I have a friend whose hobby is working on old cars. Always has something interesting in the garage. He says he is glad he did not fulfill his dream of becoming a professional mechanic.

It would have taken the fun out of it if he HAD to do it.

Inga said...

I really don't see any shaming of stay at home spouses nowadays, perhaps men a bit, but women, no.

Gosh rh, what the heck is the problem, some women hurt you and you're still not over it? Or just dislike women for no apparent reason based in reality?

Inga said...

OR, maybe rh has been living amongst female canines for so long he expects female humans to be exuberant and pantingly happy at all times when serving man.:)

Michelle Dulak Thomson said...

Inga,

I really don't see any shaming of stay at home spouses nowadays, perhaps men a bit, but women, no.

That sentence can't seem to make up its mind.

Inga said...

Michelle,
Women's perogative, lol. No, I take that back, that's sexist!

Illuninati said...

Inga said:
"I really don't see any shaming of stay at home spouses nowadays, perhaps men a bit, but women, no."

The shaming is especially severe for lady doctors who do not practice. My wife doesn't like to explain why she is not practicing so she avoids social situations where she will be shamed.

ALP said...

The writing of this comment was briefly interrupted by Meade delivering a plate of bacon and eggs and more lengthily interrupted by Meade telling me that I should write that my writing of this comment was interrupted by Meade delivering a plate of bacon and eggs.
***********
It warms my heart to know you are a bacon and egg household. I am still reeling from reading this article, in which some dunderheads in CA are working on a plant based substitute for one of nature's perfect foods, the egg:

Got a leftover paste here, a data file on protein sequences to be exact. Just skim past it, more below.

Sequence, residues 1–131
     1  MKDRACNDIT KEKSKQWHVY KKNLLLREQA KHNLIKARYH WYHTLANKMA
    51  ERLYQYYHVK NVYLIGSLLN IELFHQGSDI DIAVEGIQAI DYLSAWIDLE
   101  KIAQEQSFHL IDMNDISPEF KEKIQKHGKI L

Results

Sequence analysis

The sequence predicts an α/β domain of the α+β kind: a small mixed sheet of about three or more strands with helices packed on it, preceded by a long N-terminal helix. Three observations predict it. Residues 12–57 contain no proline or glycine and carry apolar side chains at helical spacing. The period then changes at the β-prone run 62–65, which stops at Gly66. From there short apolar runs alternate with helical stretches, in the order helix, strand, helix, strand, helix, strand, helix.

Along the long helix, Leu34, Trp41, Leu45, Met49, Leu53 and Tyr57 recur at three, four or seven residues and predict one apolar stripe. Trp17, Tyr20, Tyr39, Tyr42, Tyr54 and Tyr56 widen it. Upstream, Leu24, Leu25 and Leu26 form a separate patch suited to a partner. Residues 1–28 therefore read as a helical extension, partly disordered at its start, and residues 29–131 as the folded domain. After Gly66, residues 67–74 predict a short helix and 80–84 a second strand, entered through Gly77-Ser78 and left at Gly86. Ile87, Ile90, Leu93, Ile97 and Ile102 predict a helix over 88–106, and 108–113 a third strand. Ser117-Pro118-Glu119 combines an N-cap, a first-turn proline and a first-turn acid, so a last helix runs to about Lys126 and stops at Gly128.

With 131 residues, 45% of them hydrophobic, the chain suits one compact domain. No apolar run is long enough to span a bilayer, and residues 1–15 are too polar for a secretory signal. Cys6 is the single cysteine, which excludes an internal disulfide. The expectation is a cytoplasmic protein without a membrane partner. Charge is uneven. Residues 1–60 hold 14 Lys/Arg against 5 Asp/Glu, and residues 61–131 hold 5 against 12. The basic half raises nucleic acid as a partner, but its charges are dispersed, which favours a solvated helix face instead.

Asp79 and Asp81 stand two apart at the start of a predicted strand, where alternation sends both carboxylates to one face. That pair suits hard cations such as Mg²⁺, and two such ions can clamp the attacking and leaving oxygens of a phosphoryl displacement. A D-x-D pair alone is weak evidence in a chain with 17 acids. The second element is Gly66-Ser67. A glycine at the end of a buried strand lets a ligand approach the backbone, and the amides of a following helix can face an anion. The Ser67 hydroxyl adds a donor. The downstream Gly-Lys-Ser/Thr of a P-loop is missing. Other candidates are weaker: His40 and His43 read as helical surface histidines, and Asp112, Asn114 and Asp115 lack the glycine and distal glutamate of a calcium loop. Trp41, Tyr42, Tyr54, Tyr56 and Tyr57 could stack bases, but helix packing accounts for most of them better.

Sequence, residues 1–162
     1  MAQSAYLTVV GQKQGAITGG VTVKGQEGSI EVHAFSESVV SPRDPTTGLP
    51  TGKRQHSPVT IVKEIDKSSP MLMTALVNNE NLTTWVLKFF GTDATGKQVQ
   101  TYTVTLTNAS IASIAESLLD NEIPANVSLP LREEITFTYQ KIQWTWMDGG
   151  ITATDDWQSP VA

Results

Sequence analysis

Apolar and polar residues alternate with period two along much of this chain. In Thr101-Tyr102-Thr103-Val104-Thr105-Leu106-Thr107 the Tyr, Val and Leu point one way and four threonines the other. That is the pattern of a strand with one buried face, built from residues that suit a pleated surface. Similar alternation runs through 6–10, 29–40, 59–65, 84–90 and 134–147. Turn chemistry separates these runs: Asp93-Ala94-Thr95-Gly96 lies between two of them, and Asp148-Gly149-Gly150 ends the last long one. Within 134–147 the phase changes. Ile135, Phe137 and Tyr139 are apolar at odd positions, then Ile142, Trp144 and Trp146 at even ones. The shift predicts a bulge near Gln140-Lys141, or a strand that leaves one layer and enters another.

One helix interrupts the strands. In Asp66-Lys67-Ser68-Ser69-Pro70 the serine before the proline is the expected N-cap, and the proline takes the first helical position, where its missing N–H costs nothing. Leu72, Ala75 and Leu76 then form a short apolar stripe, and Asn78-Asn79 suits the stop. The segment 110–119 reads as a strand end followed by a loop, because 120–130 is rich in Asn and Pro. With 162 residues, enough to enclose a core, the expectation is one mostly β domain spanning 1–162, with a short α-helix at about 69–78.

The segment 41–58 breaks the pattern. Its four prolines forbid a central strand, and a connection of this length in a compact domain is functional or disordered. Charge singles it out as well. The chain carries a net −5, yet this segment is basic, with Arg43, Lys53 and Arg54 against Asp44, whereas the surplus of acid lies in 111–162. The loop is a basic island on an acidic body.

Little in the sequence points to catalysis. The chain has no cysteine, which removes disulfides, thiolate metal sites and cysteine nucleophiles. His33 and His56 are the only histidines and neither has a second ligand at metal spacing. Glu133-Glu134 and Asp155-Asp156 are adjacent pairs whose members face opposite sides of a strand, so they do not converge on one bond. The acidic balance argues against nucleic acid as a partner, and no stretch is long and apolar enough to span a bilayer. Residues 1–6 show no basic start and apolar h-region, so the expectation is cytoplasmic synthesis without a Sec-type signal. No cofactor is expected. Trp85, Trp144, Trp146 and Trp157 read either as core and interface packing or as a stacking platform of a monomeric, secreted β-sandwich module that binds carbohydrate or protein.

http://www.komonews.com/news/tech/Food-tech-startups-aim-to-replace-eggs-and-chicken-235093421.html

Bacon fat rules.

Inga said...
This comment has been removed by the author.
Inga said...

Illuninati, of course I can't speak for your wife or the comments directed toward her that seem like shaming, or are indeed shaming, but we have two attorneys in our family and both are young women, one is my daughter who is pregnant and will need to continue working and an in law who has three children who stayed at home to care for the children. I've never witnessed any shaming of either one of these young women for their decisions. Perhaps my family and social circle are more accepting of an individual's right to choose what is right for them and their families.

Shouting Thomas said...

@Inga,

The enlightenment and brilliance of you and your circle almost blinds me!

Now, if only the two female lawyers in your family participate in slut walks!

The future enlightenment of human will be assured!

RonF said...

Why a lack of women at the highest levels of finance and other business organizations - or in science and engineering - seen as an issue that has to be addressed with some extraordinary effort to change it?

Inga said...

Althouse, would this be one of those times to shake one's head and roll ones eyes in response to a sexist comment by Shouting Thomas, or should one simply ignore him altogether?